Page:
"In a letter to EU heads of state, European Commission President José Manuel Barroso has warned that the eurozone debt crisis was still spreading despite agreement over a bloc-wide bailout fund."
The Guardian (UK):
"Live Japan, Hong Kong, Australia, New Zealand, Taiwan, Indonesia and South Korea all see large falls
"Global stock markets panic after Wall Street losses
"Larry Elliott: Turmoil carries echoes of 2007
"Eurozone fears send banking shares plunging
"Dow Jones returns to losing ways
"Editorial: State of emergency
"Italian prosecutors turn fire on rating agencies
"Poll: are the euro's days numbered?"
El País (Spain):
"-Japón, Corea y Hong Kong abren con fuertes pérdidas.
"-Los mercados esperan un catalizador hoy en el previsible crecimiento del empleo de EE UU o en alguna medida de Europa.
"-Se extiende el temor a un parón en la recuperación
"-Suben las comisiones por la avalancha de liquidez".
The Sydney Morning Herald (Australia):
"Aussie shares plunge at the opening, as investors reel over the state of the global economy."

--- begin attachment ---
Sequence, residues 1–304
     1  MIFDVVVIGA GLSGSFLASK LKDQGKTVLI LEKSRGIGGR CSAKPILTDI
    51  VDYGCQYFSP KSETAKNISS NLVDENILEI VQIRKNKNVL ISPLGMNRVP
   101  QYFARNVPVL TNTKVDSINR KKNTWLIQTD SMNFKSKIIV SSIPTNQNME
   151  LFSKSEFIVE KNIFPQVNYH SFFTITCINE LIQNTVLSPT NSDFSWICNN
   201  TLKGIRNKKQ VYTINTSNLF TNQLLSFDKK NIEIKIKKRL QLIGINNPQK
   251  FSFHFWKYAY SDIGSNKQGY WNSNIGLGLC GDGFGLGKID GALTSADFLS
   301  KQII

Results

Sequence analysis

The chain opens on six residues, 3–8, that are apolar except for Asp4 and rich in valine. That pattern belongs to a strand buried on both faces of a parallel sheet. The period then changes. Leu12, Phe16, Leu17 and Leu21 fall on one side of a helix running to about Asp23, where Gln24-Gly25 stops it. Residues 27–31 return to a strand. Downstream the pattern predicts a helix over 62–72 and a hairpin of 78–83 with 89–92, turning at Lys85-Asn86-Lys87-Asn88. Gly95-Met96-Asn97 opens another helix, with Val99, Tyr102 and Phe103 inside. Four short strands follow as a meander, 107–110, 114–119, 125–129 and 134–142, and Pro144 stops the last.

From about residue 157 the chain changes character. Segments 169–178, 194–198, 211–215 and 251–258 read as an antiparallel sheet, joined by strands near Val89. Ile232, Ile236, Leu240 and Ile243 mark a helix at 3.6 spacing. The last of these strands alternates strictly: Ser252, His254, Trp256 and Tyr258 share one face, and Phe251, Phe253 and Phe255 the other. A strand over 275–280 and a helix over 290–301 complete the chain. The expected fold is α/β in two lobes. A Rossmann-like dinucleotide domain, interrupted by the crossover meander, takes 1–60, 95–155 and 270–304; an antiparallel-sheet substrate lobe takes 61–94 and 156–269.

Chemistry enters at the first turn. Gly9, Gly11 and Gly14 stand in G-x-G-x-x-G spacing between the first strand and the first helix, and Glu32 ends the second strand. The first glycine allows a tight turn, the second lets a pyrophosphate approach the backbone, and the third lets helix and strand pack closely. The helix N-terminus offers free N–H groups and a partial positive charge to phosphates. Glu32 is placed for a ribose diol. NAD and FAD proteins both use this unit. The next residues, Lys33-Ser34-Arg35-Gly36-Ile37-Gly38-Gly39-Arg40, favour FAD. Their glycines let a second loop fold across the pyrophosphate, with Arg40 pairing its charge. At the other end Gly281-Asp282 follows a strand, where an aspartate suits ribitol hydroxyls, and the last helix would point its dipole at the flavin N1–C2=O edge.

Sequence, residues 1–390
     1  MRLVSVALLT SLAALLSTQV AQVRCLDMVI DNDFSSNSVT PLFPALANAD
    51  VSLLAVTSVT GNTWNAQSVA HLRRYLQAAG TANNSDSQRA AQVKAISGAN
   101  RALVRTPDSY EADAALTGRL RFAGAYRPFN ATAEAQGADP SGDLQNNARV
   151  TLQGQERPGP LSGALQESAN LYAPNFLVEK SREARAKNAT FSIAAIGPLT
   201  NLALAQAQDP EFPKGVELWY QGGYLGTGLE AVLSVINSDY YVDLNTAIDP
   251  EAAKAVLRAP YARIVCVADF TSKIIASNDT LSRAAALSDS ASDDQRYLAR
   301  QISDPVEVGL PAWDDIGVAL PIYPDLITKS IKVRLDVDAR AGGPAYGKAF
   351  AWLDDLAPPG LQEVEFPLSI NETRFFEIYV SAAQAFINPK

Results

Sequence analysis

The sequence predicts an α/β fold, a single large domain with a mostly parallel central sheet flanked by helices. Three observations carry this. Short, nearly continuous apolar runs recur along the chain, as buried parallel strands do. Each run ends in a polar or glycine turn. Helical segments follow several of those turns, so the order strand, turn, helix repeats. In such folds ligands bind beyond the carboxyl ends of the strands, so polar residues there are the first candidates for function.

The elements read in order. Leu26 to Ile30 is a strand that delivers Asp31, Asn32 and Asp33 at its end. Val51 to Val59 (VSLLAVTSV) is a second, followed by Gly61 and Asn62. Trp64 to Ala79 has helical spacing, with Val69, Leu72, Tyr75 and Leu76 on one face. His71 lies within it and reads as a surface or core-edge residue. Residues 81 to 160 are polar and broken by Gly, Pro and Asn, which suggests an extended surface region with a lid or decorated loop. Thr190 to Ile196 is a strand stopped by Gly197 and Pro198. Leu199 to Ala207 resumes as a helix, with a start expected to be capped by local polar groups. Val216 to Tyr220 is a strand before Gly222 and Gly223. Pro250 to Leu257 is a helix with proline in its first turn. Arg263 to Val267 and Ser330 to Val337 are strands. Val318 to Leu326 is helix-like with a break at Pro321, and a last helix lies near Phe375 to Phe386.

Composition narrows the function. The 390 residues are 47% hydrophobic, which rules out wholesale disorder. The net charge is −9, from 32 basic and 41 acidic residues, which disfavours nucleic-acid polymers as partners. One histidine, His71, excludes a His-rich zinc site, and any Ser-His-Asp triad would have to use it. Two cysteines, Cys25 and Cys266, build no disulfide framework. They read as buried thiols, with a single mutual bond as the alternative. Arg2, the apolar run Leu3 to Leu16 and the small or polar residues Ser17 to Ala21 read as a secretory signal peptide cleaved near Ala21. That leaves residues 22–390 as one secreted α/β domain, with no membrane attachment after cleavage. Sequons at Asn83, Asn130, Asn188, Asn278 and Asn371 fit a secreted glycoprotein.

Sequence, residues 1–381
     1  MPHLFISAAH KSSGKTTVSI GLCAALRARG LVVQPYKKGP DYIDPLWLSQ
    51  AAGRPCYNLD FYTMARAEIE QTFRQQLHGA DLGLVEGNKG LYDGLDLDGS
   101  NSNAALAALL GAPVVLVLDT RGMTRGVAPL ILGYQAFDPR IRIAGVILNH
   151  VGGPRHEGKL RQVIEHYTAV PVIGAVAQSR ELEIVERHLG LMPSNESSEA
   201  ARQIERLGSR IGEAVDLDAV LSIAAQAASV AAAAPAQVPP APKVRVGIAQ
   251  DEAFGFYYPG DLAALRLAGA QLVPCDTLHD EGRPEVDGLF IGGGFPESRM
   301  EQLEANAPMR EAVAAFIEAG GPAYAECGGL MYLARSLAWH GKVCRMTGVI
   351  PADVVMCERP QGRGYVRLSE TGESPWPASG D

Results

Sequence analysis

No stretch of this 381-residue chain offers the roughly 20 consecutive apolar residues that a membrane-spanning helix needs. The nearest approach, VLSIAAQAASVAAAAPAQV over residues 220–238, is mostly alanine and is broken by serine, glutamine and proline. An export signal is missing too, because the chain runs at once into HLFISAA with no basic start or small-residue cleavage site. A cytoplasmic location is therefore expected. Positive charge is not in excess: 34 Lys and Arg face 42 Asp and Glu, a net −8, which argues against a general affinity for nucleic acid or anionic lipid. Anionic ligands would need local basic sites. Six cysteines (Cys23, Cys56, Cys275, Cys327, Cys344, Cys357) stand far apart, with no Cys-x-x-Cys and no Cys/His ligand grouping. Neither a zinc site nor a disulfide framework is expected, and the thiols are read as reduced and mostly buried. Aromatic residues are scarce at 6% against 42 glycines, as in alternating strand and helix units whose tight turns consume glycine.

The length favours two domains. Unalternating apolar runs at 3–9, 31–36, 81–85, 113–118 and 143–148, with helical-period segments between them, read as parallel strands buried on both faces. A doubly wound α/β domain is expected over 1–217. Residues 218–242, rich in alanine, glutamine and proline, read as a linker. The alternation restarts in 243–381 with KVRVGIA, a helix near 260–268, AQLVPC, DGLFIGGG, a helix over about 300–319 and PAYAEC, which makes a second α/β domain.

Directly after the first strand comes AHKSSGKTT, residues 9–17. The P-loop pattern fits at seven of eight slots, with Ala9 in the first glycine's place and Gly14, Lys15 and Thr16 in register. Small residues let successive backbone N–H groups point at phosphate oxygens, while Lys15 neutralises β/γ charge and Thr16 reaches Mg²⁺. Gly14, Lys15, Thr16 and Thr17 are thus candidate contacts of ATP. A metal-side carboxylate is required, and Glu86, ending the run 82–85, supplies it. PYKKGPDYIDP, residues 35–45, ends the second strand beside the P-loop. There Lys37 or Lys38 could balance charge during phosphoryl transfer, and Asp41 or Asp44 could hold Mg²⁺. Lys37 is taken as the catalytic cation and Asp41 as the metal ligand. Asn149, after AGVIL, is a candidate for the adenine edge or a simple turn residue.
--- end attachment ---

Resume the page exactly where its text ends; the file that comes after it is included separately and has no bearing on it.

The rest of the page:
And who's at fault? Go on, make a guess.
" 'One of the reasons [confidence] is beginning to erode is we have lost the reform energy that we had over a 25-year period.'
"In a reference to the politically fraught topic of industrial relations, Mr. [my comment: John] Howard said regulation of the labour market had taken the nation backwards." See here
Or this perfectly timed pearl of political and economic wisdom, by Paul Sheehan, published yesterday:
"What happened in Washington last week, embodied by the Budget Control Act and the brinkmanship that brought it into law, was a national failure. The bill is a bandage, when surgery is required.
"The financial markets tell the real story, and the conservative mothers have every right to be angry." See here.
I can smell a Nobel Prize somewhere near.